Wednesday, 22 April 2015

Biosciences Seminar Speaker 23 April 2015

Biosciences Seminar Series - Winter 2015
23 April 2015 - 1pm - Zoology Museum (Wallace 129)

Biodiversity offsetting: challenges in theory and practice

Prof E.J. Milner-Gulland


After the Easter break our seminar series resumes with a talk by Prof EJ Milner-Gulland, Professor in Conservation Science at Imperial College London, Department of Life Sciences at the Silwood Park campus. E.J. leads the Imperial College Conservation Science group and is the Director of the multidisciplinary Grand Challenges in Ecosystems and the Environment group.

E.J. is broadly interested into how people interact with the environment, especially the incentives and attitudes of natural resource users; social-ecological system dynamics; and management of natural resources. A key interest concerns also how to reach robust decisions for managing socio-ecological systems, in the face of uncertainty determined by our lack of full knowledge and understanding of the underlying processes. E.J.'s research is hence highly interdisciplinary, covering the full range from ecology to social psychology, economics, and anthropology, using a combination of modelling and field work approaches.

Specific example of research include the 20-year research programme on the conservation ecology of the saiga antelope (see here), bushmeat exploitation in Africa (see here) or the development of a decision-theoretic framework for the allocation of limited resources for conservation actions (see here). The seminar, specifically, will focus on the very topical yet also highly controversial topic of biodiversity offsetting (e.g. see here, here, here).


Biodiversity offsetting is expanding rapidly, both as a tool of corporate social responsibility and in government policy-making around the world (including in the UK). Offsets are used as the last stage of a "mitigation hierarchy" to compensate for the residual damage caused by developments. The aim is for the development overall to cause "no net loss" of biodiversity.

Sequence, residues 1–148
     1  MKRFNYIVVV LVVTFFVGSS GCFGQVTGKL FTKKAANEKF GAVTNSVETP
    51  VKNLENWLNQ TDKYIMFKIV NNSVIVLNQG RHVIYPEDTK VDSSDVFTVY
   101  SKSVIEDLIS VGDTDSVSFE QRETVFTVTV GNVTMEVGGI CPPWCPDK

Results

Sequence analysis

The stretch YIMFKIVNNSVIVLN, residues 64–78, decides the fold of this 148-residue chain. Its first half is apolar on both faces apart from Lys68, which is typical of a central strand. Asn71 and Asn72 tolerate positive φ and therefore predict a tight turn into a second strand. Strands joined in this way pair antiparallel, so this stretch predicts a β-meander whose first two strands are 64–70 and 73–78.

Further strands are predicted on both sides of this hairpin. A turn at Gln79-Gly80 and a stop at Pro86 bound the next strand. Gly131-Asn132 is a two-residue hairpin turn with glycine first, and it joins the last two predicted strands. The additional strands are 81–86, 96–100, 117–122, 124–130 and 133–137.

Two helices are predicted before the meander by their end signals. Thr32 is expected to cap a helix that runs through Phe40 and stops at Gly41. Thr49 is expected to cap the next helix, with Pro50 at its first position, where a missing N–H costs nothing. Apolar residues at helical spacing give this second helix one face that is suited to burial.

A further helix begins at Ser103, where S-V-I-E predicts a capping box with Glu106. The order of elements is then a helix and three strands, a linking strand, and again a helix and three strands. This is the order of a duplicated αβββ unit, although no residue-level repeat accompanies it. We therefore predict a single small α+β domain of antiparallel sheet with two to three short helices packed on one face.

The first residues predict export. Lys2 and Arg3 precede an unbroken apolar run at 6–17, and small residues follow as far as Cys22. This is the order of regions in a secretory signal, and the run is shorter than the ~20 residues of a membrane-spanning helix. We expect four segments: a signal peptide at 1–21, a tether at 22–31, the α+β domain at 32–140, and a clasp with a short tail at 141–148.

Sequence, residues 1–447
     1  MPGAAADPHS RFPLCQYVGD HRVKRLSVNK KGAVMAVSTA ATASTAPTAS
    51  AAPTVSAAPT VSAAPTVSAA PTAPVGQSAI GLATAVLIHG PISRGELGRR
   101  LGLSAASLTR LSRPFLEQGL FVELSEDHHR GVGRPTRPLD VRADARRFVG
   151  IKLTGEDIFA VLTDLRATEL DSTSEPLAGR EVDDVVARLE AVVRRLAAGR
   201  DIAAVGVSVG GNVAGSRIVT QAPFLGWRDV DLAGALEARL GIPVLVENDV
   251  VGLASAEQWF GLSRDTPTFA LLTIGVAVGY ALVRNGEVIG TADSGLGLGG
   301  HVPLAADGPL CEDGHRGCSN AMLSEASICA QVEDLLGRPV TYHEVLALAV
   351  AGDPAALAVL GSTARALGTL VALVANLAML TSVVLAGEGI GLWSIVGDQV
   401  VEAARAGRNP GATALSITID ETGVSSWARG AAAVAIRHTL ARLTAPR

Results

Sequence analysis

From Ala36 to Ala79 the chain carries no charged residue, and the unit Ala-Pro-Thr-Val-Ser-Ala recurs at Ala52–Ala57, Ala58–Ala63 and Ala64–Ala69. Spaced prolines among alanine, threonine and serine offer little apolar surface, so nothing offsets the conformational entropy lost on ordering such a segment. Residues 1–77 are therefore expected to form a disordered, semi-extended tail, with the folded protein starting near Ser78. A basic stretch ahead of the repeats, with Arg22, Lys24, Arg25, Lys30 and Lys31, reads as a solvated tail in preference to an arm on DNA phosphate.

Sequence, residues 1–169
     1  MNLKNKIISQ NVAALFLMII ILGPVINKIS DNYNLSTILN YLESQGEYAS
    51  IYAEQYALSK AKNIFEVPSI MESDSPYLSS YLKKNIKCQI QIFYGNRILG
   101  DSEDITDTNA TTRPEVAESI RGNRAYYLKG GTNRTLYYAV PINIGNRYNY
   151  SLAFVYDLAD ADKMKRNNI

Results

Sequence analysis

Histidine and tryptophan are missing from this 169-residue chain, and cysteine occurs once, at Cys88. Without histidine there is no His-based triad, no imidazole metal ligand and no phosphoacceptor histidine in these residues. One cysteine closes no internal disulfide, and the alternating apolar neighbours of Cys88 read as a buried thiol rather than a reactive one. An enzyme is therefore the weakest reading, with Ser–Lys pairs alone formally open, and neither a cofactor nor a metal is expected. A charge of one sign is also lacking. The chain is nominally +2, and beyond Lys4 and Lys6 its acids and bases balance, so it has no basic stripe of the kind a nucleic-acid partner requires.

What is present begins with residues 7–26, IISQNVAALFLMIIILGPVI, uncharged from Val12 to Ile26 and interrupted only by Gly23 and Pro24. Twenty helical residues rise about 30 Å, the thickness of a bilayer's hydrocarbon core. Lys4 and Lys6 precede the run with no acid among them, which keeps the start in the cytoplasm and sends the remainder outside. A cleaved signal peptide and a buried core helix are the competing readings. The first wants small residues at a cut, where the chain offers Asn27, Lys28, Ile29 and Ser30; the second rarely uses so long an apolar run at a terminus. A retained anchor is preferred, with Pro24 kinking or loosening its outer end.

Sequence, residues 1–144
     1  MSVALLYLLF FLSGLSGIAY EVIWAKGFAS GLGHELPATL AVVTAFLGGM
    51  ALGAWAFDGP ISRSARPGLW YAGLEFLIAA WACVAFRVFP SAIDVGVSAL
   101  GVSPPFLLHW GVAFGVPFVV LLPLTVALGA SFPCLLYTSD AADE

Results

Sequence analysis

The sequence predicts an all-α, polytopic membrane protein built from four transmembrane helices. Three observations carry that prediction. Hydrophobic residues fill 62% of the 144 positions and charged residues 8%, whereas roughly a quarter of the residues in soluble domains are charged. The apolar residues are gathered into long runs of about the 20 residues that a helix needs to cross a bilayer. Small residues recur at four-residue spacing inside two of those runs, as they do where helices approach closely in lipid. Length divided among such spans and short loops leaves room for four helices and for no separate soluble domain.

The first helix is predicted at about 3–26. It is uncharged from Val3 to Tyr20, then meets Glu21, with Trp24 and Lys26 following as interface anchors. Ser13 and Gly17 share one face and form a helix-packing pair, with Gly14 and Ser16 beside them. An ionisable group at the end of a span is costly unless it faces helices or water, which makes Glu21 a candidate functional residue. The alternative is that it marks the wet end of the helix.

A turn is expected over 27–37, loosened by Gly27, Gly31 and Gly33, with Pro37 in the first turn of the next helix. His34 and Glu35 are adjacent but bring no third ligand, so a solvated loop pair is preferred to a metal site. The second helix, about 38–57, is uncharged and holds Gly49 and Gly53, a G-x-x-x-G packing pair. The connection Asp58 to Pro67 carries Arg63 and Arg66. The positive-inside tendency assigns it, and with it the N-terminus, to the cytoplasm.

Offsetting has attracted huge controversy and concern from some, while others see it as a way of rebalancing the development-conservation trade-off in favour of nature. In this seminar I will highlight and explore both the theoretical and conceptual issues that need to be addressed in order to reach no net loss of biodiversity from development. 

Using a case study of the Ustyurt plateau in Uzbekistan, I look at how offsetting could work in practice. I then touch on some work I'm about to start on using offsetting in a marine context, to think about bycatch mitigation. I sum up by suggesting some ways in which scientists could engage with the offsetting debate.

Hope to see many of you - everyone most welcome to attend!

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